SANTA MARGARITA — In October 2018 the San Luis Obispo County Planning Commission approved a Conditional Use Permit for a cannabis distribution facility and mobile delivery dispensary on El Camino Real in Santa Margarita near Highway 58.
At the time, said Sommer Shahan, co-owner of Sungrown Wellness Inc., the main block to reopening what had been a functioning non-profit delivering medicinal cannabis to local clients was the application process for a California State license under a newly approved business model.
In January 2019 they now have that license, and a location in unincorporated San Luis Obispo County, but they’re prevented from opening just yet as County Planning and Building approval processes are now taking the lion’s share of their efforts and funding.
The site of a formerly abandoned commercial building which Sungrown has cleaned up since taking possession in March 2018, was also once a real estate office with a few people on hand through the day.
One of the surprises in the last round of checks was that they were required to dig up the property’s septic tank access to verify that it was there, an expensive test that has its place in the County’s due diligence, but Shahan felt was likely unnecessary.
“I don’t think we’d have this much trouble opening an ice cream shop,” she said, noting that a mobile dispensary — administering the business and storing materials on site but sending product out to clients without customers coming inside — would have less impact on something like the septic system than the property’s previous uses.
There are also extensive Americans with Disabilities Act renovations which have a very specific set of checklists.
In short, it’s a frustrating position to be in as the dispensary marks a year since they shut down as a functioning, and legal, service operating under old guidelines to embrace the State and County’s new way to do things.
“I also don’t want to sound like we’re actually upset with the County. They [San Luis Obispo County employees] have been very helpful, but I think they’re asking for a lot because they’re worried,” she said, “We’re just trying to offer delivery out of Santa Maria with no other distribution. The County is working for everyone and they just don’t want to be sued.”
As an applicant in meetings with the Board and Planning staff, she speculated the unease beneath the surface in dealing with this brand of business venture is also responsible for the united front even traditionally opposed politicians feel pressured to present.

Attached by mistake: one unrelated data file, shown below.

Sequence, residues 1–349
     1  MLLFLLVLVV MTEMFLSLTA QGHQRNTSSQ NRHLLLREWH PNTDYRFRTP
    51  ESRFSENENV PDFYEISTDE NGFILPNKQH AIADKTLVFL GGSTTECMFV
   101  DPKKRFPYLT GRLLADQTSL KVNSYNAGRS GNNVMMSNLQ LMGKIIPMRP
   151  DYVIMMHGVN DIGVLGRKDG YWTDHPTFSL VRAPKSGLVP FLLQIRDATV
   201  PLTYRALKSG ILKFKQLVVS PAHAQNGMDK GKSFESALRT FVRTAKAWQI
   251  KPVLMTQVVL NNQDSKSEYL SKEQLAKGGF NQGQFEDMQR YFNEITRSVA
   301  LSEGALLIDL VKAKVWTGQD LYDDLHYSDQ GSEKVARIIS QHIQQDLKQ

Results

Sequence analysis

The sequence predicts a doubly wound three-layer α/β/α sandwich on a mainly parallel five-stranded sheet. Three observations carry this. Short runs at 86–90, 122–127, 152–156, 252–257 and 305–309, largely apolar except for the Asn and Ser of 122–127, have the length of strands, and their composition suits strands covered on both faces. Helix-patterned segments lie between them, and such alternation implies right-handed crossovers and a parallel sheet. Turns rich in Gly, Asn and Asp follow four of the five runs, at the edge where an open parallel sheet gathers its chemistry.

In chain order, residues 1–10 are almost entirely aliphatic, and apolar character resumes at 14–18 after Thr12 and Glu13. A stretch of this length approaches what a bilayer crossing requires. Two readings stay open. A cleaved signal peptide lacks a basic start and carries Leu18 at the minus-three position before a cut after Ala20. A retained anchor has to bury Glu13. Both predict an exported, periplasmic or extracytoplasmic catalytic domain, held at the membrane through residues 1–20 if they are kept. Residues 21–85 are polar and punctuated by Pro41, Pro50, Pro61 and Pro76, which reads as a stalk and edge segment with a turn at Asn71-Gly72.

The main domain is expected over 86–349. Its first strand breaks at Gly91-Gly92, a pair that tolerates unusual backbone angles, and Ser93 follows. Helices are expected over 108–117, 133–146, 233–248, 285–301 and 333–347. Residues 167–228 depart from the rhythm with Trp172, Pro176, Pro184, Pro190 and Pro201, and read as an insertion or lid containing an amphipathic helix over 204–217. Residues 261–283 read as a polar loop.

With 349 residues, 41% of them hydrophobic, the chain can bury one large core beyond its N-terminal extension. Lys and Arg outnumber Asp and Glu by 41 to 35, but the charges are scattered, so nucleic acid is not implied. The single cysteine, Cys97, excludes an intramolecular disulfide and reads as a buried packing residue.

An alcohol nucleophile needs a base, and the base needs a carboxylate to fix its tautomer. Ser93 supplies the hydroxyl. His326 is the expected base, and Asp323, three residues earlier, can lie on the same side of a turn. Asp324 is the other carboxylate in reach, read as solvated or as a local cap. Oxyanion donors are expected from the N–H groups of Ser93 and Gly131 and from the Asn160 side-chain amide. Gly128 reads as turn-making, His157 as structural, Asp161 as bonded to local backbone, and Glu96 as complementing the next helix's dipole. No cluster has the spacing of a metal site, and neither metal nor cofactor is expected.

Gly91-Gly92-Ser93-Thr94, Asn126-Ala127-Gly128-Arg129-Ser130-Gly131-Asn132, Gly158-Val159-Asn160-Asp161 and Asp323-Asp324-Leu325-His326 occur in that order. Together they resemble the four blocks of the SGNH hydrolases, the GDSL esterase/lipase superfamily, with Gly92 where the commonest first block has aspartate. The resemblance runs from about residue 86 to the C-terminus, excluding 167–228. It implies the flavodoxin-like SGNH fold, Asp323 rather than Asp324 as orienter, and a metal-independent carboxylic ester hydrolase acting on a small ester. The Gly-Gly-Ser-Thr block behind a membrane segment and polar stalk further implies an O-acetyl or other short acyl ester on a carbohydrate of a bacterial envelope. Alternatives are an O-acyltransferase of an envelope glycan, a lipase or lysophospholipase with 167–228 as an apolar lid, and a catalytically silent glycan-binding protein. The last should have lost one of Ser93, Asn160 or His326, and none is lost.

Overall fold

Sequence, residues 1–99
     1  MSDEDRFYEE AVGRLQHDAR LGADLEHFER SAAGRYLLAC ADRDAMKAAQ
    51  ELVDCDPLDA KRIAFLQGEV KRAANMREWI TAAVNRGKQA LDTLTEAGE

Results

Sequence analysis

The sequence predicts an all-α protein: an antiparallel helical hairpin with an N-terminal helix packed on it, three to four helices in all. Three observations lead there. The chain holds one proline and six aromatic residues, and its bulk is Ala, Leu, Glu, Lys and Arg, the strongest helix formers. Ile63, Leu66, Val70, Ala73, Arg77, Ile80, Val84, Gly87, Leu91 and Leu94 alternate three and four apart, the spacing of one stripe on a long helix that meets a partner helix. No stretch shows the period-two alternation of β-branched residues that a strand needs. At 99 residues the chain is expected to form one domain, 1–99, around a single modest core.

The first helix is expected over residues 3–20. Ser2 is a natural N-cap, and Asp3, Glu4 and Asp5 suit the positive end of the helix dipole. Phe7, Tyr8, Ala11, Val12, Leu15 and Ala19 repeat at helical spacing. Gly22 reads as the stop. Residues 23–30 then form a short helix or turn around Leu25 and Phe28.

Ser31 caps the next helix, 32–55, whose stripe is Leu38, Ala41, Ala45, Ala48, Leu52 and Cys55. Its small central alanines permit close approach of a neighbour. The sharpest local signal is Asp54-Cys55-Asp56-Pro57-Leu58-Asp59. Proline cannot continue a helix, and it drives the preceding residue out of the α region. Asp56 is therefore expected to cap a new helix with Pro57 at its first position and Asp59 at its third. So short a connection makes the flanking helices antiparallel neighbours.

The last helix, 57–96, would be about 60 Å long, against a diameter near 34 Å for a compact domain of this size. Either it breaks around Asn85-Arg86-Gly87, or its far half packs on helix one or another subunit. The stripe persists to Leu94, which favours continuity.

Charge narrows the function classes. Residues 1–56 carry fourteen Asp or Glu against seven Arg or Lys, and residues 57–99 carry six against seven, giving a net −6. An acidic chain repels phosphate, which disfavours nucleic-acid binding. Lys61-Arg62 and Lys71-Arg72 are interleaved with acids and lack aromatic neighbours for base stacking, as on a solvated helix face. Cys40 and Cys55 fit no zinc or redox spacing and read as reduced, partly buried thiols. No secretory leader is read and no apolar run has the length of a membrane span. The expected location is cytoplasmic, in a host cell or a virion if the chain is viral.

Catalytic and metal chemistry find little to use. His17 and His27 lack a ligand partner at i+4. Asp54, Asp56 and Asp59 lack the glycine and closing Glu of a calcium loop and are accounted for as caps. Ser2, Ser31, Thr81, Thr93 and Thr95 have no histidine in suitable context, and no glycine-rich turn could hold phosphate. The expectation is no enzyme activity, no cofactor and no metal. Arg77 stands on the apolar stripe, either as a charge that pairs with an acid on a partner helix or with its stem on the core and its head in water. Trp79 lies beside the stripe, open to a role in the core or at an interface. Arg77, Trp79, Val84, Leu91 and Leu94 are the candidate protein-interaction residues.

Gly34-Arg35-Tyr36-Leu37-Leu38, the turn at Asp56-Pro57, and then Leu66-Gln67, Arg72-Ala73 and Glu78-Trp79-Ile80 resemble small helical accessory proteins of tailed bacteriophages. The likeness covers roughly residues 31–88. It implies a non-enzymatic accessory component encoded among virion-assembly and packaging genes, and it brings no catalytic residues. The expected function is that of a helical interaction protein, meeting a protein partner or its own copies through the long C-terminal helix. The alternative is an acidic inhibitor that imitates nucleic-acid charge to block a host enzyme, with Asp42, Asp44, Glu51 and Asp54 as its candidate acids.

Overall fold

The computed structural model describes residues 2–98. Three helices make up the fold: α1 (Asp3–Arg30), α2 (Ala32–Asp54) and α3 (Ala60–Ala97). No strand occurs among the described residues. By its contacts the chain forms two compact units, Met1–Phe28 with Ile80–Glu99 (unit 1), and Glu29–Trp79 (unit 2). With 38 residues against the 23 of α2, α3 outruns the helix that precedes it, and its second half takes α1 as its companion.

Expected hoops this brand of business jumps through, but an ice cream shop does not, include: an odor control plan, utilizing activated carbon filtration; a plan to replace and/or enhance the fence that surrounds the property; upgraded fencing and gates that are not clearly visible from El Camino Real; and no signage beyond a tasteful [according to the Santa Margarita Area design plan] address numbering which is clear from the road.
As no customers are going to be stopping by, hours of operation would be 8 a.m. to 8 p.m. seven days a week.
At the conditional approval phase of the hearing in October, no neighbors came out to complain about those hours or measures. Her impression, as someone from the area, is that locals are happy that the business will be there rather than a vacant lot.
The tentative hope would be that the dispensary will be ready to reopen with all the checklists marked off by June 2019.
“There is no official type of banking for this business,” she notes, so all money spent on getting the site ready is coming out of the past funds raised while operating under a different license, or from investors who are betting on the venture’s success.
An Atascadero resident, Shahan added that she’d personally rather deal with the business climate and planning and building departments of her hometown, but there is currently a flat ban on these operations inside City limits.
“It’s a discussion we’d like to have with the [newly elected Mayor and City Council],” Shahan said, noting that while yes, it’s frustrating to be relegated to certain zoning and land use restrictions in the County, then meet additional permitting hurdles, but they’re more likely to see that process completed before other options present themselves.
Asked about the matter ahead of a January City Council meeting, Atascadero Mayor Heather Moreno said that voters had already weighed in on the issue of cannabis locally and that it wasn’t on the current list of priorities for revision.
At the time there were upcoming strategic planning and goal setting sessions at which the topic could be addressed
Revisions to City zoning to embrace cannabis were not on the draft of